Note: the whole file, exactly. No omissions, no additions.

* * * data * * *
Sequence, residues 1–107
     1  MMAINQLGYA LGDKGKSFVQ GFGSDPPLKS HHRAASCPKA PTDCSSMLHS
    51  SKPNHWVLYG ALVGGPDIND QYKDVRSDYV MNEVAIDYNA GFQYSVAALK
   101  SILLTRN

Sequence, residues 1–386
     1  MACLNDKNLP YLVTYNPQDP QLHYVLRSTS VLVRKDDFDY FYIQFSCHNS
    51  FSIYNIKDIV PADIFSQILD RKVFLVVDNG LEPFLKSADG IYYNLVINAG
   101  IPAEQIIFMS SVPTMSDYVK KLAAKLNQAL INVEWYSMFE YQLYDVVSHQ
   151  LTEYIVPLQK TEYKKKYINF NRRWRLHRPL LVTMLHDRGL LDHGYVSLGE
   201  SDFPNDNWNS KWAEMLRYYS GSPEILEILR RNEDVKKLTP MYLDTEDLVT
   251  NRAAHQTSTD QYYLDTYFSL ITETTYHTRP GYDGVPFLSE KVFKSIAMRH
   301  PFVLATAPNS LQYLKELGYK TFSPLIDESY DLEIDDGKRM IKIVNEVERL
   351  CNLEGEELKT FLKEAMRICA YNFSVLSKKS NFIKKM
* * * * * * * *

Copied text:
Sequence, residues 1–107
     1  MMAINQLGYA LGDKGKSFVQ GFGSDPPLKS HHRAASCPKA PTDCSSMLHS
    51  SKPNHWVLYG ALVGGPDIND QYKDVRSDYV MNEVAIDYNA GFQYSVAALK
   101  SILLTRN

Sequence, residues 1–386
     1  MACLNDKNLP YLVTYNPQDP QLHYVLRSTS VLVRKDDFDY FYIQFSCHNS
    51  FSIYNIKDIV PADIFSQILD RKVFLVVDNG LEPFLKSADG IYYNLVINAG
   101  IPAEQIIFMS SVPTMSDYVK KLAAKLNQAL INVEWYSMFE YQLYDVVSHQ
   151  LTEYIVPLQK TEYKKKYINF NRRWRLHRPL LVTMLHDRGL LDHGYVSLGE
   201  SDFPNDNWNS KWAEMLRYYS GSPEILEILR RNEDVKKLTP MYLDTEDLVT
   251  NRAAHQTSTD QYYLDTYFSL ITETTYHTRP GYDGVPFLSE KVFKSIAMRH
   301  PFVLATAPNS LQYLKELGYK TFSPLIDESY DLEIDDGKRM IKIVNEVERL
   351  CNLEGEELKT FLKEAMRICA YNFSVLSKKS NFIKKM